REACH Kicks Off: ‘Destructive Creation’ Helps CUs View World Differently; and Chairman McWatters

Meta-art and destructive creation artist Phil Hansen kicked off the REACH 2017 convention.
Meta-art and destructive creation artist Phil Hansen kicked off the REACH 2017 convention.

Widely known for his meta-art and destructive creation, Phil Hansen kicked off the REACH 2017 convention by giving attendees a taste of what it’s like to achieve limitlessness by having a limitation.

The so-called “artist for the people” shared how permanent nerve damage in his hands and arms changed his life perspective about how he approached his trade. “When I embraced the shake, I found a different art I could make,” he said. “It was ‘pointalism.’ You see the dots close up, but far away you realize a completely different image.”

Hansen went from having a single approach to art to embracing the fact that a limitation can actually drive creativity. “By not creating my own limitation, I was able to create ultimate liberation,” he said.

It led to a host of projects, including commissioned work on the movie “Cars 2,” the Grammys, projects for Disney, Skype, Mazda, the Rockefeller Foundation, and pieces featured on the Discovery Channel, “Good Morning America,” “The Rachael Ray Show,” and “Last Call With Carson Daly.”

It also led Hansen to see people with their limitations in a different light. “When we are confronted with challenges, our success depends on our ability to see the things in front of us,” he said while incorporating a light-canvas paint display into his presentation and using his hands to experiment with shades of shadows. “But if you shift your perspective you can actually get an entirely different picture. Limitations are one thing, but a self-limiting belief is something we put in our own way.”

He added that credit union leaders know their limitations, but reminded them of their movement’s “own story” and their potential for continued transformation.

“We are amazingly resilient in our creative nature, and embracing the shade is about changing our attitude toward ourselves—about believing in our tremendous capacity to change our ways,” Hansen said. “We don’t need more people, tools, time or money. Those things help, but our most valuable resource is internal. It’s our adaptability. It’s only then we realize there’s a future that we get to create by reframing and recrafting. Embrace your limitation.”

A Look Back—and a Glimpse Forward
California and Nevada Credit Union Leagues’ President and CEO Diana Dykstra thanked the 2017 chairman of each state league—Valley First CU CEO Hank Barrett and WestStar CU CEO Rick Schmidt—for their continued guidance during the past year.

“Your leadership has been remarkable, and I am honored by it,” Dykstra said. “The work you do as chairmen changes people’s lives. League representation is extremely important.”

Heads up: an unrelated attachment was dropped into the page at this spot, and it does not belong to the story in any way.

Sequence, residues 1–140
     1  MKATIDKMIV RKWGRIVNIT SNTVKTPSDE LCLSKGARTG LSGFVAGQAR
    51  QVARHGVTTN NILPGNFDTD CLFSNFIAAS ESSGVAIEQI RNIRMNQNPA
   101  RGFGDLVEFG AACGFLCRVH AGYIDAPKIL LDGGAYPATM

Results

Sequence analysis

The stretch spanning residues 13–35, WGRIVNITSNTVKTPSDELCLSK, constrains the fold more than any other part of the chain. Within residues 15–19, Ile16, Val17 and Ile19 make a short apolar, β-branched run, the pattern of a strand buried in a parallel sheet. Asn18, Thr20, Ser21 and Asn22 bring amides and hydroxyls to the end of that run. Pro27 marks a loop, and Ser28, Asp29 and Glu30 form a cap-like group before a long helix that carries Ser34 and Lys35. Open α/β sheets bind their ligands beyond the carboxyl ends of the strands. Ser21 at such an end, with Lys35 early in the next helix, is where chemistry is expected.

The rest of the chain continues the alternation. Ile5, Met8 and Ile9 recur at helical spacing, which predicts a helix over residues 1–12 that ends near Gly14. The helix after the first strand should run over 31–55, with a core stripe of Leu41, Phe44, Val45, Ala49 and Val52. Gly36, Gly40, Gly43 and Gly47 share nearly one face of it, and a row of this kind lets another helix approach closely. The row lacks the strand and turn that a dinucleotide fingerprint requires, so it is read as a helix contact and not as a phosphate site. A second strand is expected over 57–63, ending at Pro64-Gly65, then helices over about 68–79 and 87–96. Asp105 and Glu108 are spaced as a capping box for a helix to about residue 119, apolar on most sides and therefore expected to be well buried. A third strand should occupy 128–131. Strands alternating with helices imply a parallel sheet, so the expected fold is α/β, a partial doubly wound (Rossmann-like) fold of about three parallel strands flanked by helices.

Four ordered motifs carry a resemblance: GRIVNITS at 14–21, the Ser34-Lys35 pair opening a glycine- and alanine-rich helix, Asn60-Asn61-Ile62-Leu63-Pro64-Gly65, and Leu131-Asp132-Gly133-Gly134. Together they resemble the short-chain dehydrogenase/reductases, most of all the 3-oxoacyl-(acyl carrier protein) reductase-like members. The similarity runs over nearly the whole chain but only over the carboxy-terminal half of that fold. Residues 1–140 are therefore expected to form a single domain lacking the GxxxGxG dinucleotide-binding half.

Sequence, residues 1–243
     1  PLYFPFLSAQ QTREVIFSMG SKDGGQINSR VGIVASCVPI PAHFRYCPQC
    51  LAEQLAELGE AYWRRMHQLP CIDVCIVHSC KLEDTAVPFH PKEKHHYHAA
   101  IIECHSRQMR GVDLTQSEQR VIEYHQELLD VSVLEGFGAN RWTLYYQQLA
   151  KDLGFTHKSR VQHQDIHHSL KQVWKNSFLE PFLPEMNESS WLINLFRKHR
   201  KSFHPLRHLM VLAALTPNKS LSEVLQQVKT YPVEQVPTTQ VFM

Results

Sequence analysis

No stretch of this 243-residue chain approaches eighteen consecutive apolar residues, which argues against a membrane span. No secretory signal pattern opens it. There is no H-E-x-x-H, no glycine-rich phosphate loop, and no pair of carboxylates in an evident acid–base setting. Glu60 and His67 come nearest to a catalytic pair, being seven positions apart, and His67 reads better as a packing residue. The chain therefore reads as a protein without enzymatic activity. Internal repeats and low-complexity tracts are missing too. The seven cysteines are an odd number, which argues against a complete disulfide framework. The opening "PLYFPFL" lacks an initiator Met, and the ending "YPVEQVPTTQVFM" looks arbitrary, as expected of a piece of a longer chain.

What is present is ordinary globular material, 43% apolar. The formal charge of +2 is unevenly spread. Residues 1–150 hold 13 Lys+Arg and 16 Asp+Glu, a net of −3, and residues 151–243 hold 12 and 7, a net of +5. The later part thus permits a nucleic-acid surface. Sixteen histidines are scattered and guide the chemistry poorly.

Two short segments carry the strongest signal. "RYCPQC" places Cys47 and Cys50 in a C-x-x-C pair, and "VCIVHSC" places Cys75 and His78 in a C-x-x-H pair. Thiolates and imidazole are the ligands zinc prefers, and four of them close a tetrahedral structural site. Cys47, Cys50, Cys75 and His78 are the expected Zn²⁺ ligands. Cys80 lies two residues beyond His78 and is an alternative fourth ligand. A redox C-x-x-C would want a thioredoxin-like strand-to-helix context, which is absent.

Barrett and Schmidt said they were honored to serve as chairs and thanked those in attendance at REACH for their support. “We must remain unified,” Barrett said. “I challenge all credit unions to stay engaged. We must all stay engaged if we are to survive and thrive.”

Dykstra also acknowledged credit unions’ efforts in raising monies for victims of the recent Northern California wildfires, Children’s Miracle Network Hospitals, and financial literacy through the Richard Myles Johnson Foundation, as well as the political muscle flexed through time spent advocating for credit unions at the state/federal legislative and regulatory levels.

‘Changing the Nature of Community Banking’
Credit Union National Association (CUNA) President and CEO Jim Nussle delivered an introspective speech on how credit unions are shaking up the marketplace for consumers over the past five years in loans, deposits, service, and their member-owned and oriented approach.

A graph he used represented large financial institutions’ ever-increasing market share over the past 25 years, with credit unions modestly increasing their acceptance among consumers during the same period. However, over the past five years credit unions have particularly gained increasing acceptance in mortgages, auto loans, and other products and services coming out of the Great Recession.

Even with credit unions’ success, “I think we’re at a tipping point and need to give it a bump to ensure we have an accelerated path toward the future,” he said. “Credit unions have come in and changed the nature of community banking. We can use this to pivot forward even better.”

He encouraged attendees to be involved in state and federal advocacy, whether on the legislative or regulatory fronts—and to get their members involved since it speaks volumes to Congress.

“We need to be involved and be challenged to make a difference,” Nussle said. “And we need to encourage and challenge our 110 million members across the nation to be engaged.”

Mark McWatters Discusses NCUA Efforts
National Credit Union Administration (NCUA) Chairman Mark McWatters discussed the regulatory reform agenda the agency is continuing to implement for federally-insured and chartered credit unions.

The NCUA is using a matrix to filter through which rules and regulations are efficient versus not, and which ones cost credit unions more or less in resources. He reiterated the agency’s efforts to “make sense” of rules with respect to congressional and constitutional intent.

“We are taking a top-to-bottom review of the agency,” McWatters said. “We want to create an agency that works more efficiently and effectively on your behalf.”

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